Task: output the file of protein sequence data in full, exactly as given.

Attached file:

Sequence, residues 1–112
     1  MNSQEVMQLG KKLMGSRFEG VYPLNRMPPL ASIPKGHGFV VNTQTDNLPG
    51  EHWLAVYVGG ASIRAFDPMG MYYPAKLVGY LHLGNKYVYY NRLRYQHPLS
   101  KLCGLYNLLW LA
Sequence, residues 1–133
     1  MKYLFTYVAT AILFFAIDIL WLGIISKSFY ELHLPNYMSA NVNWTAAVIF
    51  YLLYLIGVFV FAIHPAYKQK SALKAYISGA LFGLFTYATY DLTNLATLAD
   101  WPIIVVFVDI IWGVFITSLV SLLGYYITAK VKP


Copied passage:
Sequence, residues 1–112
     1  MNSQEVMQLG KKLMGSRFEG VYPLNRMPPL ASIPKGHGFV VNTQTDNLPG
    51  EHWLAVYVGG ASIRAFDPMG MYYPAKLVGY LHLGNKYVYY NRLRYQHPLS
   101  KLCGLYNLLW LA
Sequence, residues 1–133
     1  MKYLFTYVAT AILFFAIDIL WLGIISKSFY ELHLPNYMSA NVNWTAAVIF
    51  YLLYLIGVFV FAIHPAYKQK SALKAYISGA LFGLFTYATY DLTNLATLAD
   101  WPIIVVFVDI IWGVFITSLV SLLGYYITAK VKP